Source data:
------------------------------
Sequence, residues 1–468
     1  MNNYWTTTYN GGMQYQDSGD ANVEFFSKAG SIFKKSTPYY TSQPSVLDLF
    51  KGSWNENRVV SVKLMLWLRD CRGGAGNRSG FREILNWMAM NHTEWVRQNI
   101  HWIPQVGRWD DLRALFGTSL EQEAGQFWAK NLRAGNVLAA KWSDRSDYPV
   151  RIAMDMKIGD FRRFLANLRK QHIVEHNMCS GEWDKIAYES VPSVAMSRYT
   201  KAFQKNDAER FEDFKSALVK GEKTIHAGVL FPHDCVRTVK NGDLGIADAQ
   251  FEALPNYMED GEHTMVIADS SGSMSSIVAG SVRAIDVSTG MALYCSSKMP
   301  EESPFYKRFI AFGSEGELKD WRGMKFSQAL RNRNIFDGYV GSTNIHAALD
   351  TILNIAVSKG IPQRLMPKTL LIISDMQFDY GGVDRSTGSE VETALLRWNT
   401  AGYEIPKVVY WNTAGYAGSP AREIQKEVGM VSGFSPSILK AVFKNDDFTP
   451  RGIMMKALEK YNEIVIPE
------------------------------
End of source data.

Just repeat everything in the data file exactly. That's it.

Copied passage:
Sequence, residues 1–468
     1  MNNYWTTTYN GGMQYQDSGD ANVEFFSKAG SIFKKSTPYY TSQPSVLDLF
    51  KGSWNENRVV SVKLMLWLRD CRGGAGNRSG FREILNWMAM NHTEWVRQNI
   101  HWIPQVGRWD DLRALFGTSL EQEAGQFWAK NLRAGNVLAA KWSDRSDYPV
   151  RIAMDMKIGD FRRFLANLRK QHIVEHNMCS GEWDKIAYES VPSVAMSRYT
   201  KAFQKNDAER FEDFKSALVK GEKTIHAGVL FPHDCVRTVK NGDLGIADAQ
   251  FEALPNYMED GEHTMVIADS SGSMSSIVAG SVRAIDVSTG MALYCSSKMP
   301  EESPFYKRFI AFGSEGELKD WRGMKFSQAL RNRNIFDGYV GSTNIHAALD
   351  TILNIAVSKG IPQRLMPKTL LIISDMQFDY GGVDRSTGSE VETALLRWNT
   401  AGYEIPKVVY WNTAGYAGSP AREIQKEVGM VSGFSPSILK AVFKNDDFTP
   451  RGIMMKALEK YNEIVIPE